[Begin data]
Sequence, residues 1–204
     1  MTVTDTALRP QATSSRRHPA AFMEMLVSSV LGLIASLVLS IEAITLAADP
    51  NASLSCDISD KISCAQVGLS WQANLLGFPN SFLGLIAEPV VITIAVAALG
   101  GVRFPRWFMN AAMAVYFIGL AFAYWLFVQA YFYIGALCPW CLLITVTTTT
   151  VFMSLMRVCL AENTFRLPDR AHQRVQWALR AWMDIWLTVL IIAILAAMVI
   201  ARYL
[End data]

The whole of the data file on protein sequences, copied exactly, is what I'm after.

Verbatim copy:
Sequence, residues 1–204
     1  MTVTDTALRP QATSSRRHPA AFMEMLVSSV LGLIASLVLS IEAITLAADP
    51  NASLSCDISD KISCAQVGLS WQANLLGFPN SFLGLIAEPV VITIAVAALG
   101  GVRFPRWFMN AAMAVYFIGL AFAYWLFVQA YFYIGALCPW CLLITVTTTT
   151  VFMSLMRVCL AENTFRLPDR AHQRVQWALR AWMDIWLTVL IIAILAAMVI
   201  ARYL